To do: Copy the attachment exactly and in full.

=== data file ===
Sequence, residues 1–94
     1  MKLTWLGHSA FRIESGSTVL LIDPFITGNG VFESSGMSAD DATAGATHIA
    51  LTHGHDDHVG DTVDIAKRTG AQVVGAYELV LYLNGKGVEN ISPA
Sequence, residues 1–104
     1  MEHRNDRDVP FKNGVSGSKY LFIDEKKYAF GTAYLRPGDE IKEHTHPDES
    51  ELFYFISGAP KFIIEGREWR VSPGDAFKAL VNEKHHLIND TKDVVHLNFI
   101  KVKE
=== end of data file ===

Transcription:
Sequence, residues 1–94
     1  MKLTWLGHSA FRIESGSTVL LIDPFITGNG VFESSGMSAD DATAGATHIA
    51  LTHGHDDHVG DTVDIAKRTG AQVVGAYELV LYLNGKGVEN ISPA
Sequence, residues 1–104
     1  MEHRNDRDVP FKNGVSGSKY LFIDEKKYAF GTAYLRPGDE IKEHTHPDES
    51  ELFYFISGAP KFIIEGREWR VSPGDAFKAL VNEKHHLIND TKDVVHLNFI
   101  KVKE